There are several versions of the “Ebony Horse,” each of which has different details and nuances and help trace the history of the story’s transmission.

The earliest known version is found in the Hundred and One Nights—a collection of stories similar to the Thousand and One Nights, but dating to the 10th century or earlier. This version of the “Ebony Horse” contains almost no specific information about the places or time period in which the story is set, but the story does open in Persia, and the three gift-bearing sages come from India, Greece, and Persia (the sage from Persia is the one with the ebony horse).

At least two major versions of the “Ebony Horse” have Christian origins. One version, transmitted by a Maronite man from Aleppo named Ḥannā Diyāb, was published in French translation in the second volume of Antoine Galland’s Les mille et une nuits in 1704.

In this version, all of the action takes place in Persia and India; the latter seems to function as the quintessential land of mystery and adventure. The story opens in the Persian city of Shiraz, where the court is said to have been at the time the story takes place. The king’s name is not mentioned, but the prince has a typically Persian name, “Firouz Schah” (according to the spelling in Galland’s French translation). The sage, who comes alone, is said to be from India. The prince’s beloved is the princess of Bengal, and the foreign land to which the Indian sage takes the princess is Kashmir.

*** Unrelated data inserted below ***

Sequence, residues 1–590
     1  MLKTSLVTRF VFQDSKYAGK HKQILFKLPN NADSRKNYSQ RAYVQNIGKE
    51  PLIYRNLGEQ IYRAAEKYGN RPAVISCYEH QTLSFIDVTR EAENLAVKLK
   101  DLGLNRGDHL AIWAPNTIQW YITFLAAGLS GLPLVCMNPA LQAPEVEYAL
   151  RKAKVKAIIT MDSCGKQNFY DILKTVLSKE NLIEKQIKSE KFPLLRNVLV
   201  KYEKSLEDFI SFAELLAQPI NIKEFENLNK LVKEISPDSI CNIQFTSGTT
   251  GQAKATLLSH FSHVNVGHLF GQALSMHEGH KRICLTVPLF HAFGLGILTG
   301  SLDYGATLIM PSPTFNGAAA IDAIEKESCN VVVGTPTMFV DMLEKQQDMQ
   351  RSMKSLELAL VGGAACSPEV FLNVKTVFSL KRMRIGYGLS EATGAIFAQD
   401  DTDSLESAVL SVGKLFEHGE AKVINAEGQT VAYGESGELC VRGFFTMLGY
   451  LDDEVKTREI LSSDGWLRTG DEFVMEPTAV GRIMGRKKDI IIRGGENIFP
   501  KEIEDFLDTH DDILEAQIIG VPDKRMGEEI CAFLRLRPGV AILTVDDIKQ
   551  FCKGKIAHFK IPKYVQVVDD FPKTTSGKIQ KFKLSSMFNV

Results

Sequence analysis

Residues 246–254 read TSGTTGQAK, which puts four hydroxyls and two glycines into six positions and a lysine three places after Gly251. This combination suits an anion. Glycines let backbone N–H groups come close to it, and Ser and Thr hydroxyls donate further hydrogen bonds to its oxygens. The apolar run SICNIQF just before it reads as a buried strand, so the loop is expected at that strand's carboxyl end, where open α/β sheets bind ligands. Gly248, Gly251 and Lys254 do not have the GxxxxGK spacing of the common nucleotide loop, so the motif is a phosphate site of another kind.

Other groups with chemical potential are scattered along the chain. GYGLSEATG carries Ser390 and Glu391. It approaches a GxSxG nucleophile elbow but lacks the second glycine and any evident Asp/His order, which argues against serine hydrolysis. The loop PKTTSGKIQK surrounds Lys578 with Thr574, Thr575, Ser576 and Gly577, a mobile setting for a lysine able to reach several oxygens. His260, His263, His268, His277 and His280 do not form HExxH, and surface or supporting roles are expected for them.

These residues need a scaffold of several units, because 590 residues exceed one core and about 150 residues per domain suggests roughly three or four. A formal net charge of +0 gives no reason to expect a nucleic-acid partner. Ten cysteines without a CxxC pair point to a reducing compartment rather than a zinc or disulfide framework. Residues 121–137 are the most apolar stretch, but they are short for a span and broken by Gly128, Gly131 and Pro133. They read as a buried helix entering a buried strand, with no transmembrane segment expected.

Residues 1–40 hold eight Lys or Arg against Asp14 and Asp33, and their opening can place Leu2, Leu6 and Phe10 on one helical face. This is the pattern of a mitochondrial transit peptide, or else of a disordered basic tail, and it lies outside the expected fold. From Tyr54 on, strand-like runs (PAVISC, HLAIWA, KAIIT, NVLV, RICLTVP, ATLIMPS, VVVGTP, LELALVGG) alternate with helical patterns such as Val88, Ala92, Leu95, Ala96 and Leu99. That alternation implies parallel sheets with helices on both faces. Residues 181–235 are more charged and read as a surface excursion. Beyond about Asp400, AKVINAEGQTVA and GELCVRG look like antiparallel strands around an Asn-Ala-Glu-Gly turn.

A second Christian version was published in Arabic by Maximilian Habicht. This version agrees precisely with a manuscript in the Bibliothèque nationale de France, manuscrit arabe 3637, which was copied by a Syriac Christian in 1772. Furthermore, three Christian manuscripts digitized by HMML have exactly the same version of the story: CFMM 00306, CFMM 00297, and SOAA 121 K.

In this version, the king of Persia is identified as Sābūr (Shapur). As in the Hundred and One Nights, there are three sages, who come from India, Greece, and Persia, and the one from Persia is the one with the ebony horse. The father of the princess—the king of the palace upon whose roof the prince descends—is named Qayṣar (Caesar), implying that the foreign land is Rome or Byzantium. (Given the historical conflict between Shapur II and the Byzantine empire, one may sense here a sort of West Side Story, with the son of Shapur courting the daughter of Caesar.) And when the Persian sage abducts the princess, he takes her to the land of China.

It is typical of literary folktales like the Arabian Nights that elements of the narrative point symbolically to what the story itself is doing. In the “Ebony Horse,” for instance, the three sages bring mechanical wonders from their civilizations (India, Greece, and Persia) to the king, just as the story itself uses literary devices from multiple traditions. The dominant motif of this story is, of course, the ebony horse, which magically transports riders to foreign lands. Similarly, the story transports readers as if by magic into a world of fantastic wonders. And the story itself has traveled across time, space, and religious tradition. Thus, the “Ebony Horse” embodies on many levels the power of entertaining narrative to cross borders.